Melitzanosalata is a Greek appetizer made from roasting whole eggplants, pureeing it, then adding garlic, olive oil and lemon juice! It is a simple yet delicious small plate tapas dish that everyone will love!
Melitzanosalata is a traditional appetizer served in many tavernas in Greece. It is a tasty spread or as some call it, an “eggplant salad” that is often served cold or at room temperature with many other small plates (and lots of pita bread) for dipping!
Eggplant in Greek is called “melitzana” and salad in Greek is “salata” so putting both together literally means eggplant salad. I like to think of it more as a dip or ‘spread’ than a salad but who’s judging? This appetizer is great for parties because it’s very healthy, easy to make, inexpensive and will please even your vegan friends!
Other common names for this dip are baba ghanoush, aubergin dip or eggplant “paste”.
What is the difference between melizanosalata and baba ghanoush?
Baba ghanoush is very similar to this recipe but melitzanosalata has NO tahini in it. Tahini is a sesame paste. Personally, I’m not a huge fan. I like to think of this dip as a ‘Greek style’ hummus but BETTER!
Making Your Dip
Being Greek, I have had my fair share of Greek salads and spreads. Most often, I’m able to enjoy this authentic roasted eggplant dip at our family parties thanks to my aunt! Her recipe is delicious so I asked her for her secret and she offered me her recipe!
I did tweak the recipe just a bit by adding fresh lemon juice and chopped parsley, although it didn’t need much tweaking. The lemon juice helps keep the eggplant from turning brown AND adds a touch of acidity and brightness which I think it needs. And the parsley adds a pop of color and freshness!
It is so simple to prepare! Keep in mind that most people use whole roasted eggplants, However, for this recipe, to save time, I cut my eggplant in half lengthwise and roasted it that way! Same yummy results!
- Pierce or poke your eggplants with a fork then roast whole in the oven for about an hour (this is usually done whole). Alternatively, you can grill your eggplants for a smokey flavor.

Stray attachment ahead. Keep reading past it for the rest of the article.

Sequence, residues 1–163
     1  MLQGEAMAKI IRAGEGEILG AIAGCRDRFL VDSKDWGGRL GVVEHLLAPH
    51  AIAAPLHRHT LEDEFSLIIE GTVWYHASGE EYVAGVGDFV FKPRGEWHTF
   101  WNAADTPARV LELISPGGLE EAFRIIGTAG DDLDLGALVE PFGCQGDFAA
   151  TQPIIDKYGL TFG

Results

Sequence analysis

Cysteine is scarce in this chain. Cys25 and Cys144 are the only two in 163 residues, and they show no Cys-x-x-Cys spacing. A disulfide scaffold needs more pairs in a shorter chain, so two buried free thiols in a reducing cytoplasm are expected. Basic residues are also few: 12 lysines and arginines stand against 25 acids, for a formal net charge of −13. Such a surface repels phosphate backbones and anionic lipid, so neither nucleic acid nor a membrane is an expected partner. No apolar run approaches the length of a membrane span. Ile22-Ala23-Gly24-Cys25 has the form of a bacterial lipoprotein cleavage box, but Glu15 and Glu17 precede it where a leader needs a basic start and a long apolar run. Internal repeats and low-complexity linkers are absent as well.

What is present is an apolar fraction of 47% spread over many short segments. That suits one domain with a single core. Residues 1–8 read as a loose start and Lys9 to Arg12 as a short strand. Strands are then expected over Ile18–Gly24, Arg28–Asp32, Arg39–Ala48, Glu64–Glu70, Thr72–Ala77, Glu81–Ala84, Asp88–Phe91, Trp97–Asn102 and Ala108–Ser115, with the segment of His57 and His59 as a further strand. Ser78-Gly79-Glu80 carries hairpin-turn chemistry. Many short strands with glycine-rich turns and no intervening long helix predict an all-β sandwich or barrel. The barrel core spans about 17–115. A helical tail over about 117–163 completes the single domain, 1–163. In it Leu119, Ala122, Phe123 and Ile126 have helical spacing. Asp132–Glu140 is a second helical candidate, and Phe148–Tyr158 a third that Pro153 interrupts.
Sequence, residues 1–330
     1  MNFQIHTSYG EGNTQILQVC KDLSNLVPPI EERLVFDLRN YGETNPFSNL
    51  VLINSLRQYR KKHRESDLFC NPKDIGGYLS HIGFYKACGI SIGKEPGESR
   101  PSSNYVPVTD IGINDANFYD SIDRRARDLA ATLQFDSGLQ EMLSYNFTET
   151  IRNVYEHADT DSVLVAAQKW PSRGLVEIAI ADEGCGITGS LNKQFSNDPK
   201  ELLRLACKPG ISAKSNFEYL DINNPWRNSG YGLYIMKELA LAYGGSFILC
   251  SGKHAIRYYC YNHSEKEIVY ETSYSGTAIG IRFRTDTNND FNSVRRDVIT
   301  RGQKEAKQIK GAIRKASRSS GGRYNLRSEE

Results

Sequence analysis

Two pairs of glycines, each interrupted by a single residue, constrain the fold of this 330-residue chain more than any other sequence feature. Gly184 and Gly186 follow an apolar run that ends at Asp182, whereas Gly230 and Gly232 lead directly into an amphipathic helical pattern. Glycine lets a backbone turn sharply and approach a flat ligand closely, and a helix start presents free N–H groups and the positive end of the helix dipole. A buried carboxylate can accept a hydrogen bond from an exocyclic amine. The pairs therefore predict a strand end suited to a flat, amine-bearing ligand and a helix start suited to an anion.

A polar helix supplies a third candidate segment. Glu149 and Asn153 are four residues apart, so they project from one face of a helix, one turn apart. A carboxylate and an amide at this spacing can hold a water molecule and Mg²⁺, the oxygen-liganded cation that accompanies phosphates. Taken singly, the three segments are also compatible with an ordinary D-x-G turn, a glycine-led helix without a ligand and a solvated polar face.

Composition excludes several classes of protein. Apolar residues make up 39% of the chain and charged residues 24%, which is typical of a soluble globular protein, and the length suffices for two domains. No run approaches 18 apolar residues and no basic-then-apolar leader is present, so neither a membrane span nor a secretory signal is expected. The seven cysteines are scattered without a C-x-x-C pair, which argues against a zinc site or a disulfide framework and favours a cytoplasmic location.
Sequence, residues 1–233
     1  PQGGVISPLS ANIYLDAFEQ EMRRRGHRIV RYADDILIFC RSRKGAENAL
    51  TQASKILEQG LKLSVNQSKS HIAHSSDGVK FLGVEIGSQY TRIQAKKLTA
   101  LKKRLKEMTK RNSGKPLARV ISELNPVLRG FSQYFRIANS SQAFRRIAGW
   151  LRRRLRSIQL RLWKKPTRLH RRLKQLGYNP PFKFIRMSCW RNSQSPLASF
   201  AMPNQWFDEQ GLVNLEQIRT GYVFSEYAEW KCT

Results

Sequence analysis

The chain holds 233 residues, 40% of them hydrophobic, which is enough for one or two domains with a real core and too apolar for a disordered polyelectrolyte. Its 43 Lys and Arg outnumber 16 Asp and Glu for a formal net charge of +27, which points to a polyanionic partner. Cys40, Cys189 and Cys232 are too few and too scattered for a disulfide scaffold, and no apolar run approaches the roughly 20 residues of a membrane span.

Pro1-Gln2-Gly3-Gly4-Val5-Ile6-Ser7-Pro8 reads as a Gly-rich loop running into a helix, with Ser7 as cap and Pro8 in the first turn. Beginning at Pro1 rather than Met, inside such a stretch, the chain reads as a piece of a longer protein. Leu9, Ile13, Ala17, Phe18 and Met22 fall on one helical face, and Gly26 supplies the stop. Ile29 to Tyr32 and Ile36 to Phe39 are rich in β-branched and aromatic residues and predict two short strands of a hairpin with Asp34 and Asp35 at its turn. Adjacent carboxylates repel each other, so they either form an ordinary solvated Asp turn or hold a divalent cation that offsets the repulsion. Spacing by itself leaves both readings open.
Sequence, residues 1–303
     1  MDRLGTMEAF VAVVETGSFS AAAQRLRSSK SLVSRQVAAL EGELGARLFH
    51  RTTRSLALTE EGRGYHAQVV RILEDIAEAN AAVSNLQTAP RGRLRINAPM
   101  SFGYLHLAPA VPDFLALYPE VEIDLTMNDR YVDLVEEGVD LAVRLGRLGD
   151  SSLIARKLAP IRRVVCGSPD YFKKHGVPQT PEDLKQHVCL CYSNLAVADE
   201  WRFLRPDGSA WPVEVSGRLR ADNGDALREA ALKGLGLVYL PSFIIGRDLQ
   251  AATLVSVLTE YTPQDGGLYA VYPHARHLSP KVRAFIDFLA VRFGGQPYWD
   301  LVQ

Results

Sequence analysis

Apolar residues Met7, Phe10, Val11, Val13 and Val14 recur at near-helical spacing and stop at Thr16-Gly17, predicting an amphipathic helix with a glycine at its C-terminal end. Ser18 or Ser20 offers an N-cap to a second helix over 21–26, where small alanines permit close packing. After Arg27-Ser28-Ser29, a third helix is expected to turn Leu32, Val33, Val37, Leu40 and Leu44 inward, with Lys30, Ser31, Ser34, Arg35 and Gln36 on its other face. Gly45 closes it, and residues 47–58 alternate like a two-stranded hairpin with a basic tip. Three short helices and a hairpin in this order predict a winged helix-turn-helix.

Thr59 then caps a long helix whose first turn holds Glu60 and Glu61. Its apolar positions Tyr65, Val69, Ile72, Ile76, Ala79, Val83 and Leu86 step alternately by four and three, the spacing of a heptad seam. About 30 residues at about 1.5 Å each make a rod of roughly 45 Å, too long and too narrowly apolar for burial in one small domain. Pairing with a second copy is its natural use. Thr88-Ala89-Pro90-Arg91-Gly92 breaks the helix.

- Allow eggplants to cool and scoop out the pulp.
- Squeeze out any excess water or liquids using a colander or strainer.
- Chop up pulp with a knife so it is “mashed”. If you want more of a ‘chunky’ eggplant dip, give it a rough chop.
- Add minced garlic, lemon juice and parsley and mix. Add any leftover olive oil from the pan for more flavor!
- Allow flavors to meld for about an hour.
- Serve cold or room temperature with warm grilled pita bread.
How To Customize Your Dip
There are a few different things you can add to your eggplant dip to up the “flavor ante”! Here are some popular ingredients:
- Grill your eggplant to get a smokey flavor in your dip
- Add some spices like paprika, chili powder, cumin or cayenne
- Add some red wine vinegar
- Add some other fresh herbs like dill or thyme
- Add some Worcestershire. (It is my secret ingredient in a lot of dishes!)
- Add some liquid smoke. (This stuff allows you to get that smokey flavor without touching a grill.)
- Add tomatoes or roasted peppers
- Add some feta cheese
- Add chopped olives
- Add shredded onion
Should you peel your eggplants before roasting them?
No! When you roast them long enough, the skin will be very easy to peel off! I don’t recommend leaving the skin on otherwise the texture of skin will take away from the smoothness of the dip.